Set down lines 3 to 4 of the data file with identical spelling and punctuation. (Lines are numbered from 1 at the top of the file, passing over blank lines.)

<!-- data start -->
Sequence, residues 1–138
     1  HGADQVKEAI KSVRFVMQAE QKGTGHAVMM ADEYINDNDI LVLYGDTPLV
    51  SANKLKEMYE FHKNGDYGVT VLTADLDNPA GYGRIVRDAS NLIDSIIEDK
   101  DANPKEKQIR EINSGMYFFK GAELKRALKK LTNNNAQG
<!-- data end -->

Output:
    51  SANKLKEMYE FHKNGDYGVT VLTADLDNPA GYGRIVRDAS NLIDSIIEDK
   101  DANPKEKQIR EINSGMYFFK GAELKRALKK LTNNNAQG